Make sure you credit all the artists and people who worked on the project in the video or in the description – not having your work recognized sucks.
9. Export your video file
Now that you’ve edited a stellar music video, it’s time to export it. This will vary from software to software, but most will be located in file settings and have a few format options for you to choose from.
The most common form used for web-based playback is H.264.
3 top music video editing softwares
1. Adobe Premiere Pro
Editing your music video in Premiere Pro couldn’t be easier. It has three editing modes: Quick, Guided, and Expert.
First, upload your clips and audio to the software, then:
- Use Merge Clips to sync your audio and video.
- You can add in-scene dialogue, voice-overs, and Foley sound effects to your video with the 16 available audio tracks.
- Using a Multi-Camera editing workflow you can sync footage from multiple cameras into your video.
- You can also correct tone, adjust color, and stylize the look of your video using the controls available in the Lumetri Color panel.
- Different interpolation options allow you to slow down or accelerate your footage.
2. Filmora Video editor
This software is highly suited to a beginner or semi-professional. Anyone can learn how to use this software, and the results are vibrant and fantastic.
Here is a quick guide on how to edit your music videos using Filmora:
- Click on Import and then Import Media Files to select and import your clips.
- Drag the video to the timeline at the bottom of your screen. From there you can:
- Split the video into multiple parts. Move the play head to where you want to make the split and right-click, then select split.
- Detach the audio from the video. Right-click and select either mute or audio detach.
- Add background music to your video. Filmora has an extensive library of sounds you can import, or you can import your own audio file.
- Adjust the audio speed, volume, and other settings.
3. Now you can save and export your work. Click the export button and choose the appropriate format. Rename and change the saving location, and click export to begin the conversion.
3. Pinnacle Studio
Pinnacle Studio offers an extensive array of organizing, editing, and exporting options.
The workflow is simple to learn, so anyone can pick it up quickly.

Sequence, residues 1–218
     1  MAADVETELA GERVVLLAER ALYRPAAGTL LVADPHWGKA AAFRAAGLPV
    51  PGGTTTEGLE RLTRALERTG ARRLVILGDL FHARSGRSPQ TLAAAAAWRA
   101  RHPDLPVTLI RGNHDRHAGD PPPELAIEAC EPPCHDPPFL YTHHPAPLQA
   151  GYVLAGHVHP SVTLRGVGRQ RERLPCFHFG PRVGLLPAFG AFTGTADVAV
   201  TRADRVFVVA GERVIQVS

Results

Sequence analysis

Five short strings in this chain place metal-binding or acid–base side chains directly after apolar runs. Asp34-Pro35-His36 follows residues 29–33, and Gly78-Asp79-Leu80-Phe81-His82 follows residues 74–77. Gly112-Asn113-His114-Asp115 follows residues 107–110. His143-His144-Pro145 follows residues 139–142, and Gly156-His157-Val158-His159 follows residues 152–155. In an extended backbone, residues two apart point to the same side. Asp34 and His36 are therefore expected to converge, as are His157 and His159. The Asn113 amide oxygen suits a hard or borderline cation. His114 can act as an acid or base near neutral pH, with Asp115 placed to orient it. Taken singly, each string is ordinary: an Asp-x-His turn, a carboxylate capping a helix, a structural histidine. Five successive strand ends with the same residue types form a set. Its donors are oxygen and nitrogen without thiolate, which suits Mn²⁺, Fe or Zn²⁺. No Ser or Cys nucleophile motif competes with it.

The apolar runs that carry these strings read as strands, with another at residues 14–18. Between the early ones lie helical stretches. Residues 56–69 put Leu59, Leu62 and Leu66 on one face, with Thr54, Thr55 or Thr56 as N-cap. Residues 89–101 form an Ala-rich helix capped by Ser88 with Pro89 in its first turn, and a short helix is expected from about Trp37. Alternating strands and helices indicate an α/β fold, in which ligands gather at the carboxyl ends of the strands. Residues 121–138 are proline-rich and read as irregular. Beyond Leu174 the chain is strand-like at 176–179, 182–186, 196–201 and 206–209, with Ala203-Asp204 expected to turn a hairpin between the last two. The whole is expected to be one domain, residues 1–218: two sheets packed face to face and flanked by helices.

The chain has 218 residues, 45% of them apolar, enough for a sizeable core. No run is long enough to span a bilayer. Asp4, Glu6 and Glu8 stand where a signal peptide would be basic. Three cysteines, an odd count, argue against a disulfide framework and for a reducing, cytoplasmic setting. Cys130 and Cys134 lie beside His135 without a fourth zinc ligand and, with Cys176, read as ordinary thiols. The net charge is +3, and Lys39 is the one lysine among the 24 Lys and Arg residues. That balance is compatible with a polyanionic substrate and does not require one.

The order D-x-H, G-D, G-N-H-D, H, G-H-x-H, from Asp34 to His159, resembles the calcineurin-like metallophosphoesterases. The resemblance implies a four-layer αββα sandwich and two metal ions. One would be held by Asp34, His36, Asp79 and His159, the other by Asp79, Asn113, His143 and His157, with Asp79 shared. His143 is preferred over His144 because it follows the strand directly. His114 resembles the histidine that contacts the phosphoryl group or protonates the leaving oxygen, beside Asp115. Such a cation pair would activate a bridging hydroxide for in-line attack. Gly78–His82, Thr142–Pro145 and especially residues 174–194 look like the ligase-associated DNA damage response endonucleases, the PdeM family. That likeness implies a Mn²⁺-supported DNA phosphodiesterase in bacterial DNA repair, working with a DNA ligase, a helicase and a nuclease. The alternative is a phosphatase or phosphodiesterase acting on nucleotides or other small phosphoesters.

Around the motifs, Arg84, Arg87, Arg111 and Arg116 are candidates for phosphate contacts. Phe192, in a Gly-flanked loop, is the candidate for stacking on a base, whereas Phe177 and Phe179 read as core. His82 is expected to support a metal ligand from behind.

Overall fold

- It combines storyboard and timeline workflow for enhanced usability.
- You can sort, import, and manage your own clips to make unique videos.
- Some tools, such as video stabilization and 4k support are behind a paid upgrade.
Up next: Become a better video editor
Editing a music video is often a bit more complicated process. Continue reading.
We've created a comprehensive guide on how to edit your videos.
About the instructor
Eypee Kaamiño is a videographer for documentaries and tourism. His background is working in the music industry, in which producing music and music videos was the main job.
How to edit a music video?
Editing a music video will depend on the software you choose to use. Generally, import the clips you have shot, merge them with your audio, and then fiddle around with effects and settings until you’re happy. This can be quite a long process.
How long does it take to edit a music video?
This depends on your video. How long is your song? How complicated are you wanting to make it? All of these factor into your time scale. It may take many days of work to get your video perfect and ready for export.
Where can I edit a music video?
There is various software you can use to edit music videos- each suited to different skill sets. Filmora is great for beginners or semi-professionals. But if you’re more well-versed in the field, try Adobe Premiere Pro.
How do I edit a music video on my phone?
There is actually plenty of free software for music video editing that you can find on your phone. Check out this Youtube video for an in-depth tutorial.